Microsoft announced some big changes to their smartphone hardware business (read: Nokia) today:
Microsoft Corp. today announced plans to restructure the company’s phone hardware business to better focus and align resources. Microsoft also announced the reduction of up to 7,800 positions, primarily in the phone business. As a result, the company will record an impairment charge of approximately $7.6 billion related to assets associated with the acquisition of the Nokia Devices and Services (NDS) business in addition to a restructuring charge of approximately $750 million to $850 million.
“We are moving from a strategy to grow a standalone phone business to a strategy to grow and create a vibrant Windows ecosystem including our first-party device family,” [CEO Satya Nadella] said. “In the near-term, we’ll run a more effective and focused phone portfolio while retaining capability for long-term reinvention in mobility.”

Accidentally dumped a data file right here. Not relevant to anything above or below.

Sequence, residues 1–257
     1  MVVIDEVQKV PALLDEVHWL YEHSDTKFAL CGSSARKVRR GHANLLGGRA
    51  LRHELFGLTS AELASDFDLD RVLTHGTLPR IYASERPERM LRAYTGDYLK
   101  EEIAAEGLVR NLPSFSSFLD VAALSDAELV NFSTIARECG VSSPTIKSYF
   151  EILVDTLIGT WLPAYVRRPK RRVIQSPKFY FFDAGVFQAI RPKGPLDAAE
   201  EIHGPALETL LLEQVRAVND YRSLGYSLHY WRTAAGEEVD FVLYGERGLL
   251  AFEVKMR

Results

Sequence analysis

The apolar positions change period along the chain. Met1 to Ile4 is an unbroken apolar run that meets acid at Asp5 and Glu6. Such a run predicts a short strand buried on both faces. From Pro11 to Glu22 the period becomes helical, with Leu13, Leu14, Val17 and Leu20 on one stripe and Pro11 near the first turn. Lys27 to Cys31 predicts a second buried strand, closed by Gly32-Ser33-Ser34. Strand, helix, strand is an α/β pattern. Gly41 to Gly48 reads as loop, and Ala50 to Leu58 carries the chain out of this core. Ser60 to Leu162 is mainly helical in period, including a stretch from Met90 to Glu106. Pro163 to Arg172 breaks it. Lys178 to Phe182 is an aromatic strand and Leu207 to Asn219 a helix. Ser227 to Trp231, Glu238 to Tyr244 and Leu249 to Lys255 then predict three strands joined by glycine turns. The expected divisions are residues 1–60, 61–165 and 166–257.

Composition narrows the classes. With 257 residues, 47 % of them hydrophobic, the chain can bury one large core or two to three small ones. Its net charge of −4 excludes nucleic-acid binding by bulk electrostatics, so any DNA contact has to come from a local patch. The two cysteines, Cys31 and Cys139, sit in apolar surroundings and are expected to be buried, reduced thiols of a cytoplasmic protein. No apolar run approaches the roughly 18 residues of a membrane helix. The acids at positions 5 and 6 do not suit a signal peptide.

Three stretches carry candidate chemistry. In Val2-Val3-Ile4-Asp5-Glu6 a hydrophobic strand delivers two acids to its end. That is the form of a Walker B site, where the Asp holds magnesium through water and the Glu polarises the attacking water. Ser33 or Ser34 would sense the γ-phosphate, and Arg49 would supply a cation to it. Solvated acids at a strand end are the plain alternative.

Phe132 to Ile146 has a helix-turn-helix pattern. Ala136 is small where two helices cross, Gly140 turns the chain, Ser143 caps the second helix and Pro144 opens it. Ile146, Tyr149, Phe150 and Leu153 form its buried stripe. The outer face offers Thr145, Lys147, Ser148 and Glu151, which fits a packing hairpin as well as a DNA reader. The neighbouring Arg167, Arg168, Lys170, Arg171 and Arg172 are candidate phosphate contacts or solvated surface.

This is terrible. That’s a lot of lost jobs, and a lot of money Microsoft is spending to get rid of those jobs.
But the media coverage around this has been really interesting because of two things Nadella said: “standalone phone business”, and “first-party device family”. Vanessa Wong of Buzzfeed interpreted this in a fairly straightforward manner:
Microsoft is backing down from its attempt to become a major smartphone maker, saying today that it is moving away from efforts to build “a standalone phone business.”
Read: Microsoft won’t make phones any more.
Michael Calore of Wired read it differently:
Given that Microsoft is dismantling its “stand-alone phone business” (aka Nokia) and focusing instead on a “first-party device family” (aka Surface), it’s reasonable to expect a Surface Phone to show up soon.
Read: Microsoft’s doubling down on its efforts to make smartphones.
Only one of these can really be correct. Either Wong is simplifying the press release, or Calore is reading far too much into it.